Fascination with the foods and culinary practices of other countries is intensifying as chefs and restaurateurs expand their global horizons to accommodate adventurous patrons seeking new flavor experiences and dining directions.
Culinary professionals cite this growing interest in international foodways as being one of the most influential trends shaping the industry today. The National Restaurant Association’s What’s Hot 2018 Culinary Forecast found that 61 percent of the nearly 700 chefs polled for the study characterized Authentic Ethnic Cuisine as a Hot Trend, ranking it No. 9 on the association’s list of more than 100 items. At the same time, the majority of those participating in the survey — 52 percent — said Ethnic Fusion Cuisine is a Hot Trend.
While established international culinary favorites such as Italian, French and Chinese will certainly remain popular with restaurateurs and customers alike, a number of previously untapped cuisines — the “next wave” — are expected to influence menu makers in the coming year. Experts say to keep your eye on the following five:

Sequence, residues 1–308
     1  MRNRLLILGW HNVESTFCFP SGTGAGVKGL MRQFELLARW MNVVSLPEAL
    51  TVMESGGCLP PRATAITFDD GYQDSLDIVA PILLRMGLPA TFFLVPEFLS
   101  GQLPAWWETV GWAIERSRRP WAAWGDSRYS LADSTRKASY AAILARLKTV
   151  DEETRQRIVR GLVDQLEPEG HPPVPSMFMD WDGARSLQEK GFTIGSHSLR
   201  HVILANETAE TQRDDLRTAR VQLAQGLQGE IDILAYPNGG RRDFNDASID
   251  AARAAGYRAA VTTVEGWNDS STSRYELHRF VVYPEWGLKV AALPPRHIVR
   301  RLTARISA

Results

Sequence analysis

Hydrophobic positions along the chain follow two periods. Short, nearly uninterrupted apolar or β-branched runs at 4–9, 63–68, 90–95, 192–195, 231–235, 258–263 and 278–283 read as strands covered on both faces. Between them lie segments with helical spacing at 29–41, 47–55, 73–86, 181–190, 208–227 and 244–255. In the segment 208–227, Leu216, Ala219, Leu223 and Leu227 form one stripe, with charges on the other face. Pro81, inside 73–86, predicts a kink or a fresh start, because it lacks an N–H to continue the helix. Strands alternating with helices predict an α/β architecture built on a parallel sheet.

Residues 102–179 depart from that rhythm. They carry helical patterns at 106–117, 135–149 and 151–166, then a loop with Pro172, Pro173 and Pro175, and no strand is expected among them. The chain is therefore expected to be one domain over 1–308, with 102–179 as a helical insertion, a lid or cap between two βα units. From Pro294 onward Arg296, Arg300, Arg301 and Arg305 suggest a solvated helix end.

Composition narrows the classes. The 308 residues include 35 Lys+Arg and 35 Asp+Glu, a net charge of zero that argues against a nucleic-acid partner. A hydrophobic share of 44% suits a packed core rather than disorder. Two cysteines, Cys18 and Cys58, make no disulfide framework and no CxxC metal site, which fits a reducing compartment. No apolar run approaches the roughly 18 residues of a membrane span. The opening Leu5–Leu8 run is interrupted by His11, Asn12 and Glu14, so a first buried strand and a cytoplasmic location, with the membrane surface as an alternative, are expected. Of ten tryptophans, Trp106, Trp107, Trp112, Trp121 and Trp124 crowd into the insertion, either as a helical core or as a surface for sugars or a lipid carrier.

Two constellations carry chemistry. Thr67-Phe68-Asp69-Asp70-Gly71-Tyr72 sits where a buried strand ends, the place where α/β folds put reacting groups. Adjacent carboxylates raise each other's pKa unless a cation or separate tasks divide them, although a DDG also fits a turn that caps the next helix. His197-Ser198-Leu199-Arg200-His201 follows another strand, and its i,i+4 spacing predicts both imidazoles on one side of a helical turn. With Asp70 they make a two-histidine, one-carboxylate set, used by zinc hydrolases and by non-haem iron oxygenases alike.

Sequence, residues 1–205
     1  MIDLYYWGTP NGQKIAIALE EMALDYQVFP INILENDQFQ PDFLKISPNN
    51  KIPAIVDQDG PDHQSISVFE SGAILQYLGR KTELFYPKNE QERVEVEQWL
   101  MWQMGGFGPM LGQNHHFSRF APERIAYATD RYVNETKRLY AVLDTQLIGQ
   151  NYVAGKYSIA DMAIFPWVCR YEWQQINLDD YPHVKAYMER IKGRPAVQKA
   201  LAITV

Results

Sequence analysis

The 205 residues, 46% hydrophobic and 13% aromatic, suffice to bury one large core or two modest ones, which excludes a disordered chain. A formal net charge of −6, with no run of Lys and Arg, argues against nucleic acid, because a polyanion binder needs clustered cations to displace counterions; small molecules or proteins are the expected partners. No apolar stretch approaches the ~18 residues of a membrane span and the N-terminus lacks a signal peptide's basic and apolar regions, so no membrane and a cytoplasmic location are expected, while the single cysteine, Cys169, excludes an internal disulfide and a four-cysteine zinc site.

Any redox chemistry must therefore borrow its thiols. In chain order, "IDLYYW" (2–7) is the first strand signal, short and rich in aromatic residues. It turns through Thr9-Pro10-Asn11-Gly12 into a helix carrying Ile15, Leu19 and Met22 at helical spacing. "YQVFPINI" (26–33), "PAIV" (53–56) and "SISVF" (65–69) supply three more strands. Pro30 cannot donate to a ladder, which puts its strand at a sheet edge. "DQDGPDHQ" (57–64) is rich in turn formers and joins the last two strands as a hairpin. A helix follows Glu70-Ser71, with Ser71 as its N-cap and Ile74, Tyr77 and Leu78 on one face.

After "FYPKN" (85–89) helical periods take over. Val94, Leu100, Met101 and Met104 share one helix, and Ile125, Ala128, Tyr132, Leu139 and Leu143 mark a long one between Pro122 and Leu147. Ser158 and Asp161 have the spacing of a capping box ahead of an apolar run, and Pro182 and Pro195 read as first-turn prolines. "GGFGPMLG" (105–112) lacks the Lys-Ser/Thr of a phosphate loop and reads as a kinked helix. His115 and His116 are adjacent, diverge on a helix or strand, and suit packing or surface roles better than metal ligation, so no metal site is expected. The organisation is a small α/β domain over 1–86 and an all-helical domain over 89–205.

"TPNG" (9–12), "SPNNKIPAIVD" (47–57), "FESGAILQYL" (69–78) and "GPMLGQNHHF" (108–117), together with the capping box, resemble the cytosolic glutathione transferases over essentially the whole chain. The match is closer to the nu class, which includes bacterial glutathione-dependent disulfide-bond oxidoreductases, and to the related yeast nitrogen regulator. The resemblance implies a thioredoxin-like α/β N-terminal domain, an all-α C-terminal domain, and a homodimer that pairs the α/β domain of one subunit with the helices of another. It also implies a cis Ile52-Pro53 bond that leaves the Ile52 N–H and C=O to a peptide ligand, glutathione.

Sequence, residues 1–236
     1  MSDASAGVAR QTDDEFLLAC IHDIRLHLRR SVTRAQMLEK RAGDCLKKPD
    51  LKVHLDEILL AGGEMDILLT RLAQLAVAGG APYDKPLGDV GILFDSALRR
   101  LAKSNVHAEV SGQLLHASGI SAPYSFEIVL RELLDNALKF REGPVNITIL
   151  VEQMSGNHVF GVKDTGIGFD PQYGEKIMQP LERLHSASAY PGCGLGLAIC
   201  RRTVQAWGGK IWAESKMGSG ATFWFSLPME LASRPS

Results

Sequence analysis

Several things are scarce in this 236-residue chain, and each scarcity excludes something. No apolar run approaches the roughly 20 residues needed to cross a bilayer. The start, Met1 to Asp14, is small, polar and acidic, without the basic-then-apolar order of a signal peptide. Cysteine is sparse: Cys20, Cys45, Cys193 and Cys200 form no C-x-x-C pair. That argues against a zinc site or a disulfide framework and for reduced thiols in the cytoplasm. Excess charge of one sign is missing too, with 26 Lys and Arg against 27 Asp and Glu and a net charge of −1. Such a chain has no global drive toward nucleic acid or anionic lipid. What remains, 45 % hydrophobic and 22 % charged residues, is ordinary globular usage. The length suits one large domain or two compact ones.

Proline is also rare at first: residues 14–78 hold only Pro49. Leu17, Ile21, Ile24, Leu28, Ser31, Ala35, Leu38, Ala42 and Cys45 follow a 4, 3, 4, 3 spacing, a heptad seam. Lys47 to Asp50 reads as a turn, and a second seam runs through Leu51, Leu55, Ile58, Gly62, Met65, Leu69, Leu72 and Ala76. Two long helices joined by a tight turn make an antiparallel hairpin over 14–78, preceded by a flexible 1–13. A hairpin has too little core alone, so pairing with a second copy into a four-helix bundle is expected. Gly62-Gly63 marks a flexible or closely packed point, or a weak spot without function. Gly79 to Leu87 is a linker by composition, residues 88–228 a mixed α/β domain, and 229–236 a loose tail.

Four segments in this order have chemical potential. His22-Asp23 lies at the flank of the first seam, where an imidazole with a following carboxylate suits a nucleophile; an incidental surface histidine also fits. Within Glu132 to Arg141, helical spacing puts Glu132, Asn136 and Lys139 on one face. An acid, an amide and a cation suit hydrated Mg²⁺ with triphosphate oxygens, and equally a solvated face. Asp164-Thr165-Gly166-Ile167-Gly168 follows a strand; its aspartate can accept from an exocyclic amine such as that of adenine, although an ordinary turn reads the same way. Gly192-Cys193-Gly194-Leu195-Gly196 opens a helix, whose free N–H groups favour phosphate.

Middle Eastern fare has long enjoyed a place on American menus — particularly among health-conscious consumers. But 2018 could well be the year Israeli cuisine enjoys its moment in the sun. San Francisco-based consultancy Andrew Freeman & Co. suggests that chefs “look to the cooking of Israel for inspiration,” calling Israeli flavors “deep and vibrant, lending themselves well to both savory and sweet applications.” Known for such Mediterranean grain-based dishes as falafel, hummus and couscous, Israeli cooking also is rich in vegetables and fruits, (Israel is a leading producer of citrus products) dairy, fish, chicken and turkey. AF&Co. says “prepare yourself to see more Israeli-inspired ingredients including sumac, za’atar, tahini, halva, halloumi, harissa and chermoula popping up on restaurant menus.”
Korean food is catching on across the foodservice spectrum, according to Chicago-based research firm Datassential — and finding a warm welcome at restaurants from fast-casual concepts to high-end places. One expansion-minded fast-casual concept takes its inspiration and name from the traditional Korean mixed rice dish, bibibop, blending Asian and American influences and ingredients. For example, the menu features customized bowls containing purple rice, a blend of white and antioxidant-abundant black rice. Purple rice also shows up in a fusion pizza topped with gochujang sauce, corn and sesame seeds. Meanwhile, Korean fare is also being showcased in more upscale fusion-style restaurants around the country, says Baum + Whiteman. The Brooklyn, N.Y.-based consulting firm cites such dishes as oysters with radish kimchi and apple foam; yellowfin tuna bibibop with preserved lemon; sardine toast with horseradish; and pork belly tortilla flambé with wasabi crème fraîche, crudités and lemon-verbena kombucha dressing…